This is a great historical fiction novel about a young girl in India who is forced to move in with extended family where she is prohibited from visiting the library. I think both boys and girls will find it engaging because the cultural differences are interesting, there's some context to 1941 Indian politics, and ultimately it's a story about being yourself even when it's not easy.

message 10: by Jennifer (new)

Jennifer (javallone23) | 8 comments Thanks! I will definitely look into some of these! :-)

message 11: by Clementine (last edited Dec 16, 2010 12:24AM) (new)

Clementine (silentreverie) | 8 comments

Call Me Hope is a story about a girl who is verbally abused by her mother. It's a nice story, I read it when I was 12, actually. I didn't want to read it back then, for I thought it was just like any other book and I was already fond of reading thick books for young adults. But I read it anyway. It lead me to , a site where you can pledge to never use your hand or your words for hurting anyone in any way.

It's a good book to read.

Also try

Collection of inspiring stories for teens. I'm sure they will love it.

message 12: by Lynn (new)

Lynn Dove (woundedtrilogy) | 6 comments I have had really good response by those who have read my teen (young adult) books, Shoot the Wounded and Heal the Wounded. Both books have been selected as "Helpful Resources" on the world's largest anti-bullying site Shoot the Wounded was a Finalist in the 2010 Reader's Favorite Book Awards.
Here are the links:
Shoot The Wounded
Heal the Wounded
for more info go to my website:

message 13: by Julie (new)

Julie S. I would like to mention the Percy Jackson series, starting with The Lightning Thief. There's some humor and adventure. I can see the boys liking it, which is sometimes a challenge. Girls should like it as well. The chapters are fairly short, so you might be able to read a chapter outloud in each of your 20 minute sessions.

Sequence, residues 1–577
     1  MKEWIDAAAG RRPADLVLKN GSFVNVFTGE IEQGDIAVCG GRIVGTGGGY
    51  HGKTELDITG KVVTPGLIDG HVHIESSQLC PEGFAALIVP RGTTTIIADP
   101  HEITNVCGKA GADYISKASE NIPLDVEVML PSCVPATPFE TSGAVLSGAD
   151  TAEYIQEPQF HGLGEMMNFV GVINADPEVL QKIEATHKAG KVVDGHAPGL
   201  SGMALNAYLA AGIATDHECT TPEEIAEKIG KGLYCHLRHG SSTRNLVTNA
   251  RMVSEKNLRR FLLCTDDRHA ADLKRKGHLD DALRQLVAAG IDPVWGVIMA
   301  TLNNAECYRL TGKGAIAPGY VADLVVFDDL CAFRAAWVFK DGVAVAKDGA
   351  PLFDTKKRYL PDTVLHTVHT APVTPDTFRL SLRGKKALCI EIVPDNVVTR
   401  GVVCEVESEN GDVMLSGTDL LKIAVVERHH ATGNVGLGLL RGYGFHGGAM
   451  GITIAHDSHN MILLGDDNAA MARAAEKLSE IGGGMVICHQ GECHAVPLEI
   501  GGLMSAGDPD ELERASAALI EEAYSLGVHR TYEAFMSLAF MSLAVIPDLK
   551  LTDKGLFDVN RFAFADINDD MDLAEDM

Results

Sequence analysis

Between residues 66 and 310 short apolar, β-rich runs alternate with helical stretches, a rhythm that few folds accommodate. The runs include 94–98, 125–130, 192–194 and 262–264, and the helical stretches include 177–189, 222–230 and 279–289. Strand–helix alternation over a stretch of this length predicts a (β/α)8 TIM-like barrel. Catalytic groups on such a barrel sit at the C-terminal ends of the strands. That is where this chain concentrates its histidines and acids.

message 14: by Emily (new)

Emily Northcutt (emilydnorthcutt) | 2 comments I've been a middle school librarian for 10 years and I absolutely second The Lightning Thief as a 7th grade book. I also think that The Hunger Games would be a great choice. Using the first book in a series may convince your students to read the others.

message 15: by Jennifer (new)

Jennifer (javallone23) | 8 comments We talked about reading The Lightning Thief. We read it last year and our students really enjoyed it. However, this year several students are already reading it and we didn't want them to listen to the same story again. The same goes with Hunger Games. I do love both stories! Thanks for the help!

message 16: by Julie (new)

Julie S. Margaret Peterson Haddix has a lot of good books for middle school age kids. I suggest Among the Hidden, which is the first in a series about a world where they can only have two kids but the narrator is a secret third child.

message 17: by Heidi (new)

Heidi Good picks Bluemoon!

message 18: by Sara (new)

Sara (rose081900) | 177 comments I recommend Gregor the Overlanderor The Angel Experiment. They are both the first book in series, but they are absolutely wonderful!

message 19: by [deleted user] (new)

Percey Jackson series